Holly Wilson, as Adriana, played (in this version) the vampish, almost nymphomaniac, wife of the hometown Antipholus. Playing her in this way creates complications when it becomes obvious that she has been – how shall we say it – intimate with the other Antipholus, and yet no one reacts to this other than her at the end of the play. That said, Holly was very good as the vixen although at times her delivery was just too quick. I accept that her explanation of her plight to the Duke at the end was done deliberately fast and was intentionally unintelligible – the meaning being translated in the accompanying mime – but there were other times where we lost some of what was being said, and that was a great shame.
As her sister Luciana, Sarah Kidney gave us the complete opposite of Adriana as the prim, naïve, repressed goody two shoes. She was very reminiscent of Alice, complete with the long blonde hair, blue patterned dress and white stockings. I half expected her to produce a magic shrinking potion from her pocket. The way she handled her conflicting emotions when the ‘other’ Antipholus professed his love to her was very funny.
Unfortunately, space prevents me from mentioning all the cast in such a large production, but among the rest I must just pick out Omar Alexander-Kayn as the over-the-top, Julian Clary-style, camp goldsmith, Angelo. He picked out moments of humour in this role that I had never seen before and I enjoyed those moments immensely.
There are a number of problems with playing The Comedy of Errors in this way, and one of those is pace. From the moment Antipholus of Syracuse appeared, the play was full of energy right up until the moment that the Abbess comes forth to speak to Adriana and the Duke. This is necessarily slow because of the language and who is speaking, but the effect is to bring the show to a sudden, shuddering halt. The extreme change of pace is at odds with the rest of the play and it made the ending curiously out of kilter and innocuous.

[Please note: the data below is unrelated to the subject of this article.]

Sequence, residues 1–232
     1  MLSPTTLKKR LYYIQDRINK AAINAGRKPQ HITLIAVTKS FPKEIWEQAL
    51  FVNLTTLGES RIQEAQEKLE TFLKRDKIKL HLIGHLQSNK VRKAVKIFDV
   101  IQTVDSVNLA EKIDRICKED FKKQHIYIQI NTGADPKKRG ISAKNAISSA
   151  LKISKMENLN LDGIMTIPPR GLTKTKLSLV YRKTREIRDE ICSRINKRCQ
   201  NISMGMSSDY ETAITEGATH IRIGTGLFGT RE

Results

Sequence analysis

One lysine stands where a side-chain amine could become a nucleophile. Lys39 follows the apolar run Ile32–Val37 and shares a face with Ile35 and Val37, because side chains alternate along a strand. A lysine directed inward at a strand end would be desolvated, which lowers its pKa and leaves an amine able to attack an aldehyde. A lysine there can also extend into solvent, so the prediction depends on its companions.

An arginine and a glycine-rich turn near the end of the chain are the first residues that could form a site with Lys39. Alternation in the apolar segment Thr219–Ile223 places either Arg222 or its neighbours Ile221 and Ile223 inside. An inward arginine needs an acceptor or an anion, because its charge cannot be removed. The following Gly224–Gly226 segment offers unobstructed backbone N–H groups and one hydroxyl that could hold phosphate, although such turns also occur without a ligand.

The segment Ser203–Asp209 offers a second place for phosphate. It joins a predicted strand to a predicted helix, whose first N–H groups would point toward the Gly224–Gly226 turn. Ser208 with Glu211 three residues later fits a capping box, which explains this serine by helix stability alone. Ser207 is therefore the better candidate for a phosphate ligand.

The other problem lies with the actors. To keep up this pace and frenetic activity requires an extraordinary control from them, and, while the first half was manageable, as an audience member, I felt that by the end of the play I had spent two hours being shouted at. The energy level can still be high, but moderation of voice is the key to avoiding this and I felt that some of the actors got swept up in the excitement and lost a bit of that necessary self-control.
The backstage support in a production of this type is essential and the sound and lighting design by Simon Tyrell-Lewis and Emma Christmas respectively were very well done and complemented the overall atmosphere of the play.
This was a brave interpretation of The Comedy of Errors and Hilary Cordery should be congratulated for daring to be different and for pulling this show together. For me, an old traditionalist, it was a step too far – though I appeared to be in the minority as the audience around me certainly seemed to enjoy the show.